Whether you’re learning jazz guitar or simply a fan of the instrument, listening to the classic solos through history is a great exercise.
Whilst coming up with a definitive list of the ‘best’ jazz guitar solos of all time is of course impossible (as the comments section at the bottom of this article will probably show…) we decided to put our head above the parapet and showcase our 10 favourites, performed by 10 of the best jazz guitarists of all time…
Much like the piano, the guitar occupies a unique position in jazz as both a member of the rhythm section and the front line.
With many important guitarists in the music’s history, we’ve compiled a list of 10 iconic guitar solos worthy of your attention.
As always, there were hundreds of deserving solos that didn’t couldn’t make the list, but we do hope that you enjoy our selections!
Django Reinhardt – Minor Swing
Widely regarded as one of the most important jazz musicians to have ever lived, Django Reinhardt’s inclusion on our list of 10 iconic jazz guitar solos was never in doubt.
Though his left hand was left severely damaged after a fire, (leaving Reinhardt with the use of only to two fingers when playing), he achieved a level of virtuosity and musicality in his guitar playing that is simply extraordinary, and his recordings remain as enduringly popular to this day as they ever have done.
Equally well known for the countless compositions that he penned, our first pick is Reinhardt’s solo on perhaps his best known tune, ‘Minor Swing’.
Characterful, full of swooping melodic lines, and deeply swinging, listen out to how he bends notes with his left hand to imitate a more horn-like sound, and switches seamlessly between single lines and chords.
Charlie Christian – Swing to Bop
His fresh improvisational concept which combined the style of Lester Young with others, was to become the foundation of what we call the bop era of the 1940’s, and subsequently pave the way for the ‘modern jazz’ era of the 1950’s.
Listed as a key influence by practically all jazz guitarists who followed him, Christian was a true pioneer, and his recordings prove just as hip today as they must have been when first heard 80 years ago.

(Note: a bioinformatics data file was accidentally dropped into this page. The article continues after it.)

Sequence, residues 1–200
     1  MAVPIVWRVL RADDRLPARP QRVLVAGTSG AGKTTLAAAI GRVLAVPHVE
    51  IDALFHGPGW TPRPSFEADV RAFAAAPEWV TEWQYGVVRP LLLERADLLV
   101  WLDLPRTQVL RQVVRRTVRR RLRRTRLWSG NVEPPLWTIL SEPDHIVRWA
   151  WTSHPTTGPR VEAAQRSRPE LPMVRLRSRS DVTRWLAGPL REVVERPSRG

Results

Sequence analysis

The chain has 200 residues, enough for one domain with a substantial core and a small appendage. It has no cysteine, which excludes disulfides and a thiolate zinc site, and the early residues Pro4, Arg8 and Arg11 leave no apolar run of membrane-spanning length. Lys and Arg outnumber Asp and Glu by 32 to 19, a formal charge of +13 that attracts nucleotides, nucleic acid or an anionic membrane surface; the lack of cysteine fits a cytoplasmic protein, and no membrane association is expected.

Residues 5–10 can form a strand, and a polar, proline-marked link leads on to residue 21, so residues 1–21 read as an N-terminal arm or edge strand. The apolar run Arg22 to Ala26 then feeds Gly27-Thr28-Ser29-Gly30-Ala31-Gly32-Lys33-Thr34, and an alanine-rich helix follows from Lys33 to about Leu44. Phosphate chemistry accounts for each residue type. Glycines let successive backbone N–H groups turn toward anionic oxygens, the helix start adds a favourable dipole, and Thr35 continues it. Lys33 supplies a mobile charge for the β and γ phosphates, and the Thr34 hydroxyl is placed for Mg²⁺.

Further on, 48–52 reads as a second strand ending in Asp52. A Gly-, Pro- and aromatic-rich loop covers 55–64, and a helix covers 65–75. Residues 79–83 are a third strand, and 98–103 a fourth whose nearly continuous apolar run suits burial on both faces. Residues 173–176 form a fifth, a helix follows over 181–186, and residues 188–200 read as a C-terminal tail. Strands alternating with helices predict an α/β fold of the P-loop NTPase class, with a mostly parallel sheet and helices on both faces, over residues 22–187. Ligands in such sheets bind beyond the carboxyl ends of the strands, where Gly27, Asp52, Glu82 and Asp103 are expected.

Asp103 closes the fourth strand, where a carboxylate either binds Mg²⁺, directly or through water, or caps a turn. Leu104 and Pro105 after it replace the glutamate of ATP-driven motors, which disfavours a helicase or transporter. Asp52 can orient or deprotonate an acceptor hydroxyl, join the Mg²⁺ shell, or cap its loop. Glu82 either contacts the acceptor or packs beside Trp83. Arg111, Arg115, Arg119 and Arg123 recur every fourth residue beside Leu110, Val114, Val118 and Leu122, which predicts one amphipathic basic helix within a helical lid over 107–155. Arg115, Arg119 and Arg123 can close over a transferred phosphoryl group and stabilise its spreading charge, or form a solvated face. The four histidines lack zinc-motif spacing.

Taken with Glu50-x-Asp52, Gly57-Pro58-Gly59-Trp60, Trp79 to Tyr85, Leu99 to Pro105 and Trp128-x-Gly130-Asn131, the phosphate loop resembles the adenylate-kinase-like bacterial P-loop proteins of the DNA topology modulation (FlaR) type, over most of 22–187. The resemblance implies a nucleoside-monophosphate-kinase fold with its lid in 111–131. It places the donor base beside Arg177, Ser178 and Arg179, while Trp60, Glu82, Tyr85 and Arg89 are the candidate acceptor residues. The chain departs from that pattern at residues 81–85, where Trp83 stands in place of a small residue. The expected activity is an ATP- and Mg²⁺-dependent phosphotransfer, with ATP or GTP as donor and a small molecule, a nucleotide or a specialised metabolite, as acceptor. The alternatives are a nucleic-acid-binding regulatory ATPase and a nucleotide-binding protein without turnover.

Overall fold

We’ve selected the aptly titled ‘Swing to Bop’ (based on the chord changes to the jazz standard ‘Topsy’), a live recording taken from a jam session at Minton’s jazz club.
Listen out for Christian’s strong, meaty tone, achieved by playing mostly down strokes with a stiff plectrum, the interplay between the guitar and the drums, and his flowing, adventurous, horn-like lines.
Kenny Burrell – Midnight Blue
Equally prolific as a sideman as he is a bandleader, guitarist Kenny Burrell is renowned for his soulful and sophisticated touch, depth of tone, and an improvisational identity that is steeped in the blues guitar tradition.
Widely known for his close association with the Blue Note record label, we’ve chosen the title track from his 1963 release ‘Midnight Blue’ as a great example of his playing.
Masterfully fusing jazz with the blues, listen to how the Burrell and his band create the atmosphere of a smoky late night jazz clubs across the duration of the album, painting vivid pictures with their instruments.
Burrell’s solo on ‘Midnight Blue’ is just as we expect from him, groovy, full of blues based language, and possessing a subtlety that belies its depth.
Listen out to how he accompanies himself at the beginning of his solo, using the same riff based chordal passage in-between his own single line phrases.
Wes Montgomery – No blues
Whilst Indianapolis-born guitarist Wes Montgomery achieved commercial success with his popular music recordings on the A&M label, it is his earlier output for both Riverside and Verve that is of perhaps more interest to jazz fans.
One of his finest discs is undoubtedly Smokin’ at the Half Note, recorded live in June 1965 at the Half Note Club in New York City with pianist Wynton Kelly and his trio.
Whilst Pat Metheny states that Montgomery’s solo on ‘If You Could See Me Now’ is his favourite of all time, we’ve selected the track ‘No Blues’ for our list.
Essential listening for all jazz guitarists, this is a fantastic example of Montgomery’s trademark style, combining endless creativity and dynamism, with sophisticated jazz harmony and the blues tradition.
Listen to his propulsive swing feel, as he shifts through the gears in typical fashion, starting by improvising in single lines, moving to octaves, and ending his solo with full chords, played with his unique technique of using his thumb instead of a plectrum.
Grant Green – Django